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Electro-codeposition of MCrAlY Coatings for Advanced Gas Turbine Applications - 9th Quarterly Report

The NASF Research Board has funded a research grant at the Tennessee Technological University, under the direction of Professor Ying Zhang.  The objective is to study and optimize the MCrAlY electro-codeposition process to improve the coating oxidation/corrosion performance.  In this reporting period, the study studied a sulfur-free fluoborate plating solution.  Although the fluoborate solution is sulfur-free and offers high plating rates, the CrAlY powder was attacked by the fluoborate anion.  The fluoborate-based plating bath may be suitable for codeposition of more inert particles but not for active CrAlY-based powders. 
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by

Prof. Ying Zhang* & B.L. Bates

Department of Mechanical Engineering

Tennessee Technological University

Cookeville, Tennessee, USA

Editor’s Note: This NASF-AESF Foundation research project report covers the ninth quarter of project work (January-March 2020) on an AESF Foundation Research project at the Tennessee Technological University, Cookeville, Tennessee.  A printable PDF version of this report is available by clicking HERE.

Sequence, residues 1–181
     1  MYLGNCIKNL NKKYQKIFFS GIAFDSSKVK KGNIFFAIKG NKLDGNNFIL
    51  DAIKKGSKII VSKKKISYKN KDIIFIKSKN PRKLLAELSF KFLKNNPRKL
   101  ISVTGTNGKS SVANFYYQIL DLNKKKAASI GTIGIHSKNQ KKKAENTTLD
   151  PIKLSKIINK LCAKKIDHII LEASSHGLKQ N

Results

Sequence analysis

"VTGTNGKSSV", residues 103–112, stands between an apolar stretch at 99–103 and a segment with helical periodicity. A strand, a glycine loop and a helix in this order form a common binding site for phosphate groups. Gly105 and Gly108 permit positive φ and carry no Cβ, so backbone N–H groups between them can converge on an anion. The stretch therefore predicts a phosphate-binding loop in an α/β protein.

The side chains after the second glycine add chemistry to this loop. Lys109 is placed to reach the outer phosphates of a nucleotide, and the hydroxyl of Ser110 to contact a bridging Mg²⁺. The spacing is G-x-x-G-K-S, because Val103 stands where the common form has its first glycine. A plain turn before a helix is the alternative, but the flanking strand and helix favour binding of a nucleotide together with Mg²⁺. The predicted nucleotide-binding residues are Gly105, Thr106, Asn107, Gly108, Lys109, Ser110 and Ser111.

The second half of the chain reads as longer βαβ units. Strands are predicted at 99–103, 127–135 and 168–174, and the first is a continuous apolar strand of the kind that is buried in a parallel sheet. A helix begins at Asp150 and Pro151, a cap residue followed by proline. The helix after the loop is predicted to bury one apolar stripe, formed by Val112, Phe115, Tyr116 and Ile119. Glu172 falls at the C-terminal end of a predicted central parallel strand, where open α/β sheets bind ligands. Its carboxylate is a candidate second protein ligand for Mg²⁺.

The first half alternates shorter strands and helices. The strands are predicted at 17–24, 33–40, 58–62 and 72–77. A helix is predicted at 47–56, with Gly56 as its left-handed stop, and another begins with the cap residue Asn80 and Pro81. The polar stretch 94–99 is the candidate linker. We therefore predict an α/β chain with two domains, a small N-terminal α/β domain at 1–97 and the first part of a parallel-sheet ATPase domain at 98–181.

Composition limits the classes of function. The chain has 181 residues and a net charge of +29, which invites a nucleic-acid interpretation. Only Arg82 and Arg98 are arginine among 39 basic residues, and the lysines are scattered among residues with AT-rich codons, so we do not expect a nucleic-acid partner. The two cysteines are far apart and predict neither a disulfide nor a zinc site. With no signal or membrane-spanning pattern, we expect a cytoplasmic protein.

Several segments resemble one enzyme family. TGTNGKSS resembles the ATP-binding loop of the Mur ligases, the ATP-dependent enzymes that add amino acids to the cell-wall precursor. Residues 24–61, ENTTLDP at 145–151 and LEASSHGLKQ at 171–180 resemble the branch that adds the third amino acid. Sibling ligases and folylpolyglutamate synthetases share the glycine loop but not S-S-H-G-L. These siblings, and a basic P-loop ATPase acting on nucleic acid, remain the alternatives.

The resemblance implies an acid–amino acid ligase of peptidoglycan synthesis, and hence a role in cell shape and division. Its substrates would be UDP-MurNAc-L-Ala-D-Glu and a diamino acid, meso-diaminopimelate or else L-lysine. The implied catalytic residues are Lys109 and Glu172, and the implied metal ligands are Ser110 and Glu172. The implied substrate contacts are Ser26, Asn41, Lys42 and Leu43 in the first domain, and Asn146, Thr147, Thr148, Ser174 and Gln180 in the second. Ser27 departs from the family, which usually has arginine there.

Summary

In the first quarter of Year 3, the study focused on the exploration of a sulfur-free fluoborate plating solution for electro-codeposition of Ni-CrAlY composite coatings.  Thick nickel coatings of 20-80 μm thickness were able to be plated in a relatively short time with the fluoborate bath and the coatings were uniform and adherent.  However, when CrAlY powder was added, the fluoborate solution violently reacted with the powder and a uniform suspension could not be obtained.  The resulting dark coating was powdery and loosely attached to the substrate.  The coating surface exhibited poor electrical conductivity due to the presence of impurity elements such as F and O in the coating, as revealed by energy-dispersive spectroscopy (EDS) analysis.  Although the fluoborate solution is sulfur-free and offers high plating rates, the CrAlY powder used in the codeposition process is readily attacked by the aggressive fluoborate anion.  Therefore, the fluoborate-based plating bath may be suitable for codeposition of more inert particles but not for relatively active metal particles such as the CrAlY-based powders.